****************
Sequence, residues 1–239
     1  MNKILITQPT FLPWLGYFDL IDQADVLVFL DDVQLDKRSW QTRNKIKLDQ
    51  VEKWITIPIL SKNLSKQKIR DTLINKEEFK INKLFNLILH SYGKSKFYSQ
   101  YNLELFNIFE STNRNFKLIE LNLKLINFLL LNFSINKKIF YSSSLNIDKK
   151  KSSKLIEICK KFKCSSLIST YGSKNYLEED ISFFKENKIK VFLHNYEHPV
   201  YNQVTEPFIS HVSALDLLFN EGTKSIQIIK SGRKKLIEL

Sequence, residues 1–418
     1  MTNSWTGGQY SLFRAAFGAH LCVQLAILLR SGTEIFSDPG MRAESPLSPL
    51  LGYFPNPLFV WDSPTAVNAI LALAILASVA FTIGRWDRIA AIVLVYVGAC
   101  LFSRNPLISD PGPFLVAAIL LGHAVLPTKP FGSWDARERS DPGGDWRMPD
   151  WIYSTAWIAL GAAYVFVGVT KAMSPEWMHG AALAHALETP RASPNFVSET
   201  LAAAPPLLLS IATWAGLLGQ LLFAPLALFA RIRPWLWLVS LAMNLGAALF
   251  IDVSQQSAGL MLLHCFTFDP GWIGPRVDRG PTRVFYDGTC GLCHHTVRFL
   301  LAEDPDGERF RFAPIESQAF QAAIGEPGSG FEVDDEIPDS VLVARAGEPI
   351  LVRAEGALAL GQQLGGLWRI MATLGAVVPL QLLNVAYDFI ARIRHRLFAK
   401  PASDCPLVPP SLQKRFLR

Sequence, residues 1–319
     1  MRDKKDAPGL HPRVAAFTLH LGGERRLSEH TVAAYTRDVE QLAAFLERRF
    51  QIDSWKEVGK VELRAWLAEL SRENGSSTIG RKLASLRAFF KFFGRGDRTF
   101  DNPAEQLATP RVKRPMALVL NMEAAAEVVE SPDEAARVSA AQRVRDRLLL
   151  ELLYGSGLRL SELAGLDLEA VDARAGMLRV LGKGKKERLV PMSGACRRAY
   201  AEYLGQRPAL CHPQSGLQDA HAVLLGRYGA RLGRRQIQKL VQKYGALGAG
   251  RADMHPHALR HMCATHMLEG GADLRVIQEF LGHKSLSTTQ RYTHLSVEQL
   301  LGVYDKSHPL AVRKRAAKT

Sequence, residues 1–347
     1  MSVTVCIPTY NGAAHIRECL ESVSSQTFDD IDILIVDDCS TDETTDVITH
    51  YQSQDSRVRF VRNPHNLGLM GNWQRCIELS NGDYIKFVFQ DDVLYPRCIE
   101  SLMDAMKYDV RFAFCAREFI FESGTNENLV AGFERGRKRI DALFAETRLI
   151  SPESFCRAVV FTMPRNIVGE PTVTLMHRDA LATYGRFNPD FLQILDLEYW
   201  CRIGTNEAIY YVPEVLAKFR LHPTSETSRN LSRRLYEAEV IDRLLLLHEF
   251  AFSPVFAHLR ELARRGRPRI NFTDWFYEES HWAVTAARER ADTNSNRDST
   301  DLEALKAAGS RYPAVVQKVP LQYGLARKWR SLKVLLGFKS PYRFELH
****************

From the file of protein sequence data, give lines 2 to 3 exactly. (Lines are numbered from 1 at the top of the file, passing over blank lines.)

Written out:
     1  MNKILITQPT FLPWLGYFDL IDQADVLVFL DDVQLDKRSW QTRNKIKLDQ
    51  VEKWITIPIL SKNLSKQKIR DTLINKEEFK INKLFNLILH SYGKSKFYSQ